Never get in an argument over where to find the best Cajun food in Louisiana, especially if you’re talking with someone who says, “My mamma makes the best gumbo anywhere.” Keeping that in mind, we dropped by Boutin’s on Howell Place, just minutes from the Baton Rouge Metropolitan Airport.
While the new restaurant doesn’t have a dance floor and live band playing authentic Cajun and zydeco music, it does have the same food as the restaurant at the Bluebonnet Boulevard location. While it may not be your mama’s, it is authentic.
We admired the restaurant’s layout, which is designed to accommodate north Baton Rouge patrons as well as people arriving and departing from the airport. Just off the entrance is a convenient steam table set up for lunch Monday through Friday, and you can select hot meals to go quickly. There’s also a refrigerator with cold drinks and pre-packaged frozen meats and sausages from Poche’s Market in Breaux Bridge. A small bar tucked in one corner is a quiet spot to just relax or possibly wait for a delayed flight.
Go for a more relaxed meal in the dining area that features comfortable tables and booths. Colorful photographs and prints on the walls pay homage to Louisiana musicians, and background music features lively Cajun and jazz tunes.
A cup of excellent seafood gumbo ($5.95) started our lunch. The small bowl was very filling. Made with a medium roux, the broth was loaded with shrimp, crawfish, oysters and bits of sausage along with onions, green pepper and celery. It’s extremely flavorful, but heavy on the cayenne pepper. Our friends from Ohio would not be able to swallow the broth past the first fiery spoonful. Our Cajun neighbors would lap it up.
The seafood platter ($16.95 at lunch) was large enough to serve two or three people. It contained a large stuffed crab, large stuffed bell pepper, fried butterflied shrimp, fried fish, oysters, fried crawfish and a big helping of fried potatoes. The fried fish, coated in an excellent crispy cornmeal batter, was tender and flaky on the interior. Fried with skins, the delicious potato wedges were dusted with a spicy Cajun seasoning. The platter also comes with Cajun rice and maque choux, the popular southern side dish with sweet corn kernels sautéed with a hint of tomatoes, green pepper, onion and bits of ham.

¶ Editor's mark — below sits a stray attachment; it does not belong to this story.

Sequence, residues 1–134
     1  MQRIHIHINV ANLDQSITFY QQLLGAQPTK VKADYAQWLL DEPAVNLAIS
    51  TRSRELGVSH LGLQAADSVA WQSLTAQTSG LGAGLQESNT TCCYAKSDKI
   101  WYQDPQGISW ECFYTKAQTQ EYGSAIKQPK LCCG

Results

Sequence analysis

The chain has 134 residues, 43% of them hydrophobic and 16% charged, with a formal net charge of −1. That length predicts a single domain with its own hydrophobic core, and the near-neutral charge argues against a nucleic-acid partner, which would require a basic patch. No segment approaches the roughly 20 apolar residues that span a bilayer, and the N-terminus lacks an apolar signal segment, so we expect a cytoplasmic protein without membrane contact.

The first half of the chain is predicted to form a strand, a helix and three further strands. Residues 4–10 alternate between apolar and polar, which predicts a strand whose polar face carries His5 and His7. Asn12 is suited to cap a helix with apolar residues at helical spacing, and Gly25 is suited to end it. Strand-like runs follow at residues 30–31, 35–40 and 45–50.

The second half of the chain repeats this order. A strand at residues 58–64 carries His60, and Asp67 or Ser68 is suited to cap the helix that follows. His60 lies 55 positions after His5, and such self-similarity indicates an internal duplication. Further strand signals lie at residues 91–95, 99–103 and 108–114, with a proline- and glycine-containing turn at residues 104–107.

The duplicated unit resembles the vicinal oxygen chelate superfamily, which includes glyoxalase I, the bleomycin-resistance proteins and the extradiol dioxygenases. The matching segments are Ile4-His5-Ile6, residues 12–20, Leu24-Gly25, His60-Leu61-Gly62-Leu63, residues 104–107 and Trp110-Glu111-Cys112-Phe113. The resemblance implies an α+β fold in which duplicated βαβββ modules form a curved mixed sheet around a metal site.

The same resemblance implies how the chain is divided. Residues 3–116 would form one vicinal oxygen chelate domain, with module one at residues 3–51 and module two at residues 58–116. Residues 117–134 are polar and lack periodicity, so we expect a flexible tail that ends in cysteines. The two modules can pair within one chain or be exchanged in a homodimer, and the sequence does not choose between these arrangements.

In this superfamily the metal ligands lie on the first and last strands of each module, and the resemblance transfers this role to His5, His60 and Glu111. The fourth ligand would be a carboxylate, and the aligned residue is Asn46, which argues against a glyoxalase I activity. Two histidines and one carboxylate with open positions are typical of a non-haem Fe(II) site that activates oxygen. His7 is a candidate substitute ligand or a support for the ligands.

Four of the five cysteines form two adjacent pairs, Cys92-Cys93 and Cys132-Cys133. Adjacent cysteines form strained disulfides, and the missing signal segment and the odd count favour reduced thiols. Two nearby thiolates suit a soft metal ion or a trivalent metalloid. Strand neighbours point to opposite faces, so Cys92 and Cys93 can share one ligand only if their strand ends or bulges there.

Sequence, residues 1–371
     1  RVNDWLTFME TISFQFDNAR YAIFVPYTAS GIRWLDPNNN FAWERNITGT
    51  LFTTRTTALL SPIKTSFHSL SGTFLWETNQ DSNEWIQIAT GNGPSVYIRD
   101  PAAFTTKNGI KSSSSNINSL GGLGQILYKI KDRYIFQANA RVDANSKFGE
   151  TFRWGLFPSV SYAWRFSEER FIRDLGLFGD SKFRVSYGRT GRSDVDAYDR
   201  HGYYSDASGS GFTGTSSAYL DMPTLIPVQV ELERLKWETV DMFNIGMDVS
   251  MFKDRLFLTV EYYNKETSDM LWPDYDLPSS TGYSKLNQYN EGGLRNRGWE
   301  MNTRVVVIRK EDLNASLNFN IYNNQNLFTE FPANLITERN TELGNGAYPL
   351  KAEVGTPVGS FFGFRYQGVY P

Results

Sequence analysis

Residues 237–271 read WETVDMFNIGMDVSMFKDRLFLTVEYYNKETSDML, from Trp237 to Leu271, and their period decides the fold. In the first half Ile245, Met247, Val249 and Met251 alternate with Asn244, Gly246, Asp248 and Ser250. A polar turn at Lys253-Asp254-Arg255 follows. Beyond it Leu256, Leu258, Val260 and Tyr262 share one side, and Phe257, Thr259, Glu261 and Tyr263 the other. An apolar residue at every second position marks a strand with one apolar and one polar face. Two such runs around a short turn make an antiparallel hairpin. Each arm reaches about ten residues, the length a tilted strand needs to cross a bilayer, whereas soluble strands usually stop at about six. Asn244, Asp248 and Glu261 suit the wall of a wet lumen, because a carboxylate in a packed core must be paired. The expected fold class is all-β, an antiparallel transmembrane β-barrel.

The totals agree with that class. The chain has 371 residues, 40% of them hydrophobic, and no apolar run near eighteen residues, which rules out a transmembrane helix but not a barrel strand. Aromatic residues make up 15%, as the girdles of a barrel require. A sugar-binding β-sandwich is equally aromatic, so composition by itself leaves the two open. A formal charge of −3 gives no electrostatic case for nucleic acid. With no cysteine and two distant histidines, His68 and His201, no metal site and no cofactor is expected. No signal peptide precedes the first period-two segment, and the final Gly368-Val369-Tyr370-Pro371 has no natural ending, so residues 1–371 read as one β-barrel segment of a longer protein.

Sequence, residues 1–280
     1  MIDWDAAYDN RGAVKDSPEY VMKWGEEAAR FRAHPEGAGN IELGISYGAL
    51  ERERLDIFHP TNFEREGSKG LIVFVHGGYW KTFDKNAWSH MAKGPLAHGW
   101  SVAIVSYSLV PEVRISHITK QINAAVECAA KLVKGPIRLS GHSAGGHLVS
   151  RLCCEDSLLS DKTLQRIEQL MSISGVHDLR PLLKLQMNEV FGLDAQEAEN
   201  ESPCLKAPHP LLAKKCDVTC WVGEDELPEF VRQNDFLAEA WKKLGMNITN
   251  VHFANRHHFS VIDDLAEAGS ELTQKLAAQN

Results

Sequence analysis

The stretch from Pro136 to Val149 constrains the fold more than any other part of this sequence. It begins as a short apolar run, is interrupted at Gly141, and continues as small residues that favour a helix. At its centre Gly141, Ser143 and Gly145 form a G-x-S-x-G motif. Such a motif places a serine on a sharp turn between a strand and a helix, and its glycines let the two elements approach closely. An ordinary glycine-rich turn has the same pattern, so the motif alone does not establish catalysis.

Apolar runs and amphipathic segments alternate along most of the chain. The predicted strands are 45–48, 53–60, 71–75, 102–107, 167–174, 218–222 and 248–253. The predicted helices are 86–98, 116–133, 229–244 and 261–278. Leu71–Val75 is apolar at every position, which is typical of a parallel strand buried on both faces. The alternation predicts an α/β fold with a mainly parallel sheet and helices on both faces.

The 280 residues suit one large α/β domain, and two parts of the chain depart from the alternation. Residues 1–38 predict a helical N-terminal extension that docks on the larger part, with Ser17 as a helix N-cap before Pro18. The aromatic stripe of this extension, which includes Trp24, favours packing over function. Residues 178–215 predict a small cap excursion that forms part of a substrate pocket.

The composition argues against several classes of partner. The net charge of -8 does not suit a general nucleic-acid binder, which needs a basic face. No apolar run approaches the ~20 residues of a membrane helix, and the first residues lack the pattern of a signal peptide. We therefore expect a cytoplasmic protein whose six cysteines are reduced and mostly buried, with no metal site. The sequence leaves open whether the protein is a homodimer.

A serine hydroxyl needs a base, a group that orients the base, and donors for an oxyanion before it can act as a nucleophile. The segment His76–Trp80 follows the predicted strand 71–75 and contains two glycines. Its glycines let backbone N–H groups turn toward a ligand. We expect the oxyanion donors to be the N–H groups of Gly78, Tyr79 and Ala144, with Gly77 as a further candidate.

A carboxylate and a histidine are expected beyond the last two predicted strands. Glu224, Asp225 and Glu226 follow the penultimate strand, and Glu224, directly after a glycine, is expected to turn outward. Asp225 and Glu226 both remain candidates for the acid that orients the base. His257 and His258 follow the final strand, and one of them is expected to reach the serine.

The crawfish enchilada ($10.95) featured a flour tortilla filled with a mixture of finely minced crawfish, onions and peppers, rolled and smothered in a copious amount of very cheesy mornay sauce. The sauce, which tasted like chili flavored processed cheese, caused the tortilla’s texture to become soggy. A corn tortilla would make this a much better dish. Mixed steamed vegetables lent a healthy touch to the meal.
Boutin’s at Howell Boulevard is equally pleasant during evening meals. While known for its Louisiana seafood, the restaurant also offers steak entrees. The marinated eight- to nine-ounce filet mignon ($19.95) was grilled medium rare to perfection. The meat was juicy and tender with only a slight amount of fat. The plate included a half stuffed baked potato, accented with bacon, finely chopped onions and bits of ham. The steak also came with corn maque choux and Cajun rice. The crabmeat eggplant ($15.95), one of the specialties of the house, is complete indulgence. The luscious dish features a large grilled crab cake topped with a breaded and grilled eggplant medallion and smothered with a creamy Alfredo white sauce loaded with lump crabmeat and covered with a substantial amount of shredded parmesan cheese. The buttery white sauce, seasoned with parsley and a hint of garlic, was mild with just enough pepper to add spark to the dish.
Salad lovers should make a point of trying the large zydeco salad ($15.95). As bodacious as south Louisiana’s music, it has a zing all its own. A bed of crisp, cold iceberg lettuce is topped with seasoned and spicy grilled shrimp, blackened fish, chicken and smoky grilled andouille sausage. Added to this were several slices of tomato, hard-boiled eggs and green pepper along with crunchy croutons. The salad can easily make a meal for two. Choose from your favorite dressings, but we suggest both the creamy house remoulade and the zesty honey mustard dressings.
The restaurant offers several desserts, including bread pudding, but we tried one of Poche’s small pecan pies, which easily serves two. Made with brown sugar, light corn syrup, eggs, vanilla and fresh Louisiana pecans, this southern treat is a sweet ending to any Cajun meal.
Boutin’s wait staff is friendly and helpful. They willingly fill your special requests and make sure your water and tea glasses are kept filled to the brim.
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